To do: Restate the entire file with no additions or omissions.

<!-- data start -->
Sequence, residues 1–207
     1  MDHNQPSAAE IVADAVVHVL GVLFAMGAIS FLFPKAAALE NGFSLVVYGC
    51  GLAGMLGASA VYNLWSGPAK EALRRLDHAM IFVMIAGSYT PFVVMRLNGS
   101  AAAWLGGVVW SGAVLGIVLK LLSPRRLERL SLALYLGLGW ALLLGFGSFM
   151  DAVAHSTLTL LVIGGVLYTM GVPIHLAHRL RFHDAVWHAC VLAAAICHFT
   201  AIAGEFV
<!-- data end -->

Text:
Sequence, residues 1–207
     1  MDHNQPSAAE IVADAVVHVL GVLFAMGAIS FLFPKAAALE NGFSLVVYGC
    51  GLAGMLGASA VYNLWSGPAK EALRRLDHAM IFVMIAGSYT PFVVMRLNGS
   101  AAAWLGGVVW SGAVLGIVLK LLSPRRLERL SLALYLGLGW ALLLGFGSFM
   151  DAVAHSTLTL LVIGGVLYTM GVPIHLAHRL RFHDAVWHAC VLAAAICHFT
   201  AIAGEFV